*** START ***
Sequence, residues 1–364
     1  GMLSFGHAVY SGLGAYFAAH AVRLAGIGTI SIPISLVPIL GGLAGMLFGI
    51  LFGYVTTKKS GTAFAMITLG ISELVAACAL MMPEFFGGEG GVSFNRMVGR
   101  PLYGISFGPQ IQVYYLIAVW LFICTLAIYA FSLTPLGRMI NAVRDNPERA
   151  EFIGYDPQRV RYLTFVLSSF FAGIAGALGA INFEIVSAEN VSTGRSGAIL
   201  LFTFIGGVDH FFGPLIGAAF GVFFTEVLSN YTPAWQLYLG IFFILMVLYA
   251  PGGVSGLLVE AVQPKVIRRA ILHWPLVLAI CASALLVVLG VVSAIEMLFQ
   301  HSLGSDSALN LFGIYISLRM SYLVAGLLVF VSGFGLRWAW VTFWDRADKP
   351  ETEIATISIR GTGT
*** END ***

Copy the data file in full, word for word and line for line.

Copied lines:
Sequence, residues 1–364
     1  GMLSFGHAVY SGLGAYFAAH AVRLAGIGTI SIPISLVPIL GGLAGMLFGI
    51  LFGYVTTKKS GTAFAMITLG ISELVAACAL MMPEFFGGEG GVSFNRMVGR
   101  PLYGISFGPQ IQVYYLIAVW LFICTLAIYA FSLTPLGRMI NAVRDNPERA
   151  EFIGYDPQRV RYLTFVLSSF FAGIAGALGA INFEIVSAEN VSTGRSGAIL
   201  LFTFIGGVDH FFGPLIGAAF GVFFTEVLSN YTPAWQLYLG IFFILMVLYA
   251  PGGVSGLLVE AVQPKVIRRA ILHWPLVLAI CASALLVVLG VVSAIEMLFQ
   301  HSLGSDSALN LFGIYISLRM SYLVAGLLVF VSGFGLRWAW VTFWDRADKP
   351  ETEIATISIR GTGT